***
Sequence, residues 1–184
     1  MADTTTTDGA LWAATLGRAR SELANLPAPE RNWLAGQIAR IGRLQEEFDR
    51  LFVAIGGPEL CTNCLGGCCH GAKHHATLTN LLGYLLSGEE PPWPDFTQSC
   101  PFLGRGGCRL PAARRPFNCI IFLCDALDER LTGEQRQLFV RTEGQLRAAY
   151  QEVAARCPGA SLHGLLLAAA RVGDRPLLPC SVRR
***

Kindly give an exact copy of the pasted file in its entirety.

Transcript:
Sequence, residues 1–184
     1  MADTTTTDGA LWAATLGRAR SELANLPAPE RNWLAGQIAR IGRLQEEFDR
    51  LFVAIGGPEL CTNCLGGCCH GAKHHATLTN LLGYLLSGEE PPWPDFTQSC
   101  PFLGRGGCRL PAARRPFNCI IFLCDALDER LTGEQRQLFV RTEGQLRAAY
   151  QEVAARCPGA SLHGLLLAAA RVGDRPLLPC SVRR